The fork in Mideast peace path
Yesterday, the Palestinian uprising entered its second month. Up Next: a Nov. 15 crucial Palestinian meeting.
Over the past few weeks, top Israeli and Palestinian officials have repeatedly voiced the reassuring idea that the only way forward is peace through negotiation.
But Palestinian Authority President Yasser Arafat and Israeli Prime Minister Ehud Barak could conceivably forsake the other and go his own way. The recent violence has brought them both to the point of preparing for what diplomats delicately call "unilateral action."
Mr. Arafat can unilaterally declare an independent Palestinian state, and Mr. Barak can unilaterally separate Israel from the Palestinians. "Declaration" and "separation" may sound like steps in an amicable divorce, but in this case the consequences could well be tragic.
As Arafat and Barak wrestle with choices ranging from peace to war, "unilateralism" is beginning to look like the worst-case scenario.
Things are bad enough as it is. As of yesterday, 140 people have been killed after four weeks of clashes, all but eight of them Palestinians.
"Any unilateralism of that dramatic a nature - a declaration of an independent Palestinian state and then a unilateral separation on the Israeli side - is the antithesis of negotiation and agreement," says one avowedly pessimistic US diplomat in the region, who spoke on condition of anonymity. "What follows from this is then an inevitable conflict" - one much worse than has occurred thus far.
This immovable-object-meets-unstoppable-force scenario is hard to imagine, but in recent weeks the Israeli-Palestinian conflict has had several troubling thresholds: Palestinians with Israeli citizenship are involved to an unprecedented degree; Palestinian police have fired on Israelis for the first time; and Israeli forces have employed weapons - such as helicopter and tanks - that they have not used against Palestinians in the past.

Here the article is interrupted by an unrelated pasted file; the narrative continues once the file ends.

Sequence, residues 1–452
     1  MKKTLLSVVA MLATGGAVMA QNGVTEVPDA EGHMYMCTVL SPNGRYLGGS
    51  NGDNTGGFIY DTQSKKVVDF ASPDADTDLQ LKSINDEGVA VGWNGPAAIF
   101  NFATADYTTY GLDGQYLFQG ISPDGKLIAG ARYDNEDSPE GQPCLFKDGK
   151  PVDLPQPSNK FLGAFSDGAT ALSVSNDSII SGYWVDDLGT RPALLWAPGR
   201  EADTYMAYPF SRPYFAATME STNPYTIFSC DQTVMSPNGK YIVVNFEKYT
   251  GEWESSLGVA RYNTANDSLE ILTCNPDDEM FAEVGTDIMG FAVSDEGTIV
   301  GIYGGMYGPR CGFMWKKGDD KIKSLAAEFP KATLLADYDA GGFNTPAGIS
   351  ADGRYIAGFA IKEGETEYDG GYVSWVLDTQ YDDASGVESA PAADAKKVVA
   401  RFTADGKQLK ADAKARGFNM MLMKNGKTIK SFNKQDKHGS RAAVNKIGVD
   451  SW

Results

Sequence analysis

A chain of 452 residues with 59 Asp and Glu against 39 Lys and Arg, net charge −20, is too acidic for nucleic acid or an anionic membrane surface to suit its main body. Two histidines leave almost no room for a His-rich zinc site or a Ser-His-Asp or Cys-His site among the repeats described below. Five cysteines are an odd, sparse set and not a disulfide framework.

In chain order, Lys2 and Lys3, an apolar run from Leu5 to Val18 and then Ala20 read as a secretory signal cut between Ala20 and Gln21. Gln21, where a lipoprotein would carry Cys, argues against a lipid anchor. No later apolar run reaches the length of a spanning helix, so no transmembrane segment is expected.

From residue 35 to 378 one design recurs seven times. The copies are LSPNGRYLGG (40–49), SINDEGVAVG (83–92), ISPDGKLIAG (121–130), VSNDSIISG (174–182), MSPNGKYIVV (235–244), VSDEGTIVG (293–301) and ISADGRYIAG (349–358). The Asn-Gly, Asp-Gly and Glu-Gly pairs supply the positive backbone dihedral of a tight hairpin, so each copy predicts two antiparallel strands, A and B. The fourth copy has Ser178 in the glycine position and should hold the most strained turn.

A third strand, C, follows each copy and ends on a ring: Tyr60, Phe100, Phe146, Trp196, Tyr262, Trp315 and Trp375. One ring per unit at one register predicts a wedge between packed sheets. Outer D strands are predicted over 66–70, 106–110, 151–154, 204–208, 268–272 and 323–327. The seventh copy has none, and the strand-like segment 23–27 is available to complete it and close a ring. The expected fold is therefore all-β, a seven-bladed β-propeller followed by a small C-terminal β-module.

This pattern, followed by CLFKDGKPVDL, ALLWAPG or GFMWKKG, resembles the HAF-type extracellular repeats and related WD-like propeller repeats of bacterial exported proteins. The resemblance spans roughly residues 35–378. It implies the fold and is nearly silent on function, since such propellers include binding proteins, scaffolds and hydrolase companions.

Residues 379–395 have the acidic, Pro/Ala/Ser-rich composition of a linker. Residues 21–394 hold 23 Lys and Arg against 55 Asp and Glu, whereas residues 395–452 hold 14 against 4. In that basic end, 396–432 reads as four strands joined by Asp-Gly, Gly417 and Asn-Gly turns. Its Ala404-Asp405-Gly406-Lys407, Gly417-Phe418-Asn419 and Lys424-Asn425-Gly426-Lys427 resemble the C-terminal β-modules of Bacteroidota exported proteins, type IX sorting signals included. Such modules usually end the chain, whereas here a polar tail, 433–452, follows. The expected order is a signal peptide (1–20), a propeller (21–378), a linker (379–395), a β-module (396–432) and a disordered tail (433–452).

Should unilateralism take hold, the two sides will be forced to fight over land. As the Palestinian side tries to demarcate the borders around the West Bank, Gaza Strip, and East Jerusalem that it finds acceptable, Israel will rush to do the same - and there is a lot of overlap.
For one thing, Israel administers and polices East Jerusalem, which it claims as part of its undivided capital. Its forces control security in more than half of the West Bank and in certain parts of the Gaza Strip where there are Israeli communities or settlements.
These settlements would be flashpoints of conflict. The Palestinians will undoubtedly attempt to evict Israelis who have taken up residence in their midst, and the Israelis would strive to protect that.
By "separation," Israelis mean a severance or curtailment of ties with Palestinians. The idea is to reduce friction, but the result could be the opposite.
Since seizing East Jerusalem, the Gaza strip, and the West Bank in 1967, Israel has made Palestinians dependent on the vastly larger Israeli economy.
Many Palestinians turn to Israel for jobs, and nearly all of them rely on supplies of electricity and water controlled by Israel. "Separation," taken to its extreme, could leave the Palestinians dry, darkened, and economically depressed.
No one is predicting that Israel will take such a drastic measure, but Barak assigned the Defense Ministry to formulate separation plans, and officials refuse to explain what the policy entails.